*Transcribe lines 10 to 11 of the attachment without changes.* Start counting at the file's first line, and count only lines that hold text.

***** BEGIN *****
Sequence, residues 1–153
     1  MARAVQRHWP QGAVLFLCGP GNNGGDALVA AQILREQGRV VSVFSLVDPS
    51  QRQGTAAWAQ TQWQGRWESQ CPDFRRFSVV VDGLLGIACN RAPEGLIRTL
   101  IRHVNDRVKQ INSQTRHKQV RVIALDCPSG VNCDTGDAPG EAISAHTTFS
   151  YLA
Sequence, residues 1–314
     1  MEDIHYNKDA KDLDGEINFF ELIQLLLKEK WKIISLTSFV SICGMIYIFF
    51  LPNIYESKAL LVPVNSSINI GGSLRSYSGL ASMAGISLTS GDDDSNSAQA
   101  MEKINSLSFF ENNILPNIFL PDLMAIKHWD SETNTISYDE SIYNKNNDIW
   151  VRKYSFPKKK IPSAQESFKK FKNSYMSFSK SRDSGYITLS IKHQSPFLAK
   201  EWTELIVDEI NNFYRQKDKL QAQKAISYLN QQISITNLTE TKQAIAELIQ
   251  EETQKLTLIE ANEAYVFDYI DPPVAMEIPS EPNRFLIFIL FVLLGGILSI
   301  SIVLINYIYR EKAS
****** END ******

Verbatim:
   151  VRKYSFPKKK IPSAQESFKK FKNSYMSFSK SRDSGYITLS IKHQSPFLAK
   201  EWTELIVDEI NNFYRQKDKL QAQKAISYLN QQISITNLTE TKQAIAELIQ